The Billy Graham Evangelistic Association (BGEA) recently removed an article from its website that listed Mormonism as a "cult." The change followed Mitt Romney's home visit to Billy Graham last week, where the evangelist pledged "help" to the Mormon presidential candidate's campaign. The BGEA later explained, "We removed the information from the website because we do not wish to participate in a theological debate about something that has become politicized during this campaign."
(Note: Responses below are on a spectrum, starting with "yes" and ending with "no.")
"One very good thing about the Romney candidacy is that it is causing both evangelicals and Mormons to clarify terminology in civil dialogue—as among friends. I don't believe this is a cause of concern, but rather one that will lead to discussions focusing on dialogue that has the flavor and content of grace."
Jerry Root, director of Wheaton Evangelism Institute, Wheaton College
"Mormonism fits the traditional evangelical definition of a 'theological cult,' but that is not what most Americans think of when they think of a cult; they think of a compound in Waco. I think it is more helpful to call it a different religion, like Islam and Judaism, and to share the gospel of Jesus with them accordingly."
Ed Stetzer, president, LifeWay Research
"My experience is that LDS folks—leaders and grass-roots alike—love Billy Graham. For the BGEA to use the term 'cult' in describing folks who are open to hearing Billy's message is needlessly setting up a barrier. Friendly discussions together about what it means to be a sinner saved by grace is a wonderful place to start. The BGEA has implicitly encouraged those important dialogues by setting aside a word that is designed to shut down serious, friendly explorations of the meaning of the gospel."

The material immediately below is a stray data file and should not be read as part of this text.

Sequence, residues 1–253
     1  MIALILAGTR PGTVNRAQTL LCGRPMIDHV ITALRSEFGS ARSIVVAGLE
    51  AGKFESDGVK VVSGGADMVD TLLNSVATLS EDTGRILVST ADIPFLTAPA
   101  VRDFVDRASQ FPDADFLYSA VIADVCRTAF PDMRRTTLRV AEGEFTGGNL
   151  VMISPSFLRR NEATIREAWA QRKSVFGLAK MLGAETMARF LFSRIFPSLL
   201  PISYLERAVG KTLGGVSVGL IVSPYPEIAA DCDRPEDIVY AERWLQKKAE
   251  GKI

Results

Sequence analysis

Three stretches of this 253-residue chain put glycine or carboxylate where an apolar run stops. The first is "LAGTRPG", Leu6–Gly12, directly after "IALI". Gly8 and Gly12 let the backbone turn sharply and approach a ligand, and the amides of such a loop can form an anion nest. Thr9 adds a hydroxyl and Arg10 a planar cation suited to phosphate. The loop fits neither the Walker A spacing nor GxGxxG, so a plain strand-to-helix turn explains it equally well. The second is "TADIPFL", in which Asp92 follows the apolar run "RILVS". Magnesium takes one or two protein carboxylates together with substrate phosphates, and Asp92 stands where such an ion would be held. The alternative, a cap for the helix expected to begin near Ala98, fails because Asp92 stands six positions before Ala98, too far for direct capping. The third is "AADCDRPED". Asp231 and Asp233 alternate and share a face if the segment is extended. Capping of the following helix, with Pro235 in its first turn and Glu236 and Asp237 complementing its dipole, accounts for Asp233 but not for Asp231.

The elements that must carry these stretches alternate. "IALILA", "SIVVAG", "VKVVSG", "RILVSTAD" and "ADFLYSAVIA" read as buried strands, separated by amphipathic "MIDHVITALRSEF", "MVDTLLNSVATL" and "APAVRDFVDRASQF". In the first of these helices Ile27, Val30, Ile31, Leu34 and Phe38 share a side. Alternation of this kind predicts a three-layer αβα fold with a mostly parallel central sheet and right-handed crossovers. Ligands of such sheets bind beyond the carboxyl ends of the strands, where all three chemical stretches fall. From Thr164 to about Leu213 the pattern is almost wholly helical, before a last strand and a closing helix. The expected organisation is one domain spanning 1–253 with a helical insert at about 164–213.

Rich Mouw, president, Fuller Theological Seminary
"Yes, but not for the reason they apparently did. If [the BGEA] did so to help the Romney candidacy, then that was probably folly. First, because it likely won't help in any meaningful way; and second, because it gives the appearance that the BGEA might think that—on certain occasions—they will let politics trump principles. However, in the big picture I'm not sad that they are moving away from the word 'cult' for Mormonism. These days, the word is nothing more than a pejorative, and unhelpful in communicating the true gospel to Latter-Day Saints (LDS)."
Craig Hazen, professor of comparative religion and apologetics, Biola University
"The BGEA has politicized theology by removing it. The point of the previous accusation that Mormonism is a cult is because it denies the gospel; now the BGEA has backed off that gospel claim."
Scot McKnight, professor of New Testament, Northern Baptist Theological Seminary
"We can vote for an atheist, a Buddhist, or a Muslim who represents our values while never retreating from how these faiths differ from our own. We affirm what we can—largely through our vote—but we stay wise, discerning, and loving about what we cannot affirm. How I wish the BGEA had affirmed political principle without appearing to retreat from religious principle."
Stephen Mansfield, author, The Mormonizing of America (Worthy Publishing, 2012)
"It is unfortunate that the BGEA chose to remove the cult designation describing Mormonism this week. It will appear to the world that the Graham organization has chosen political expediency over spiritual conviction. It is possible to endorse Mitt Romney, as I have done, and yet maintain that Mormonism is a false religion that leads people away from the one true God."
Robert Jeffress, pastor, First Baptist Church (Dallas)
Coming Monday, a look at how Graham's political pronouncements have changed over the years.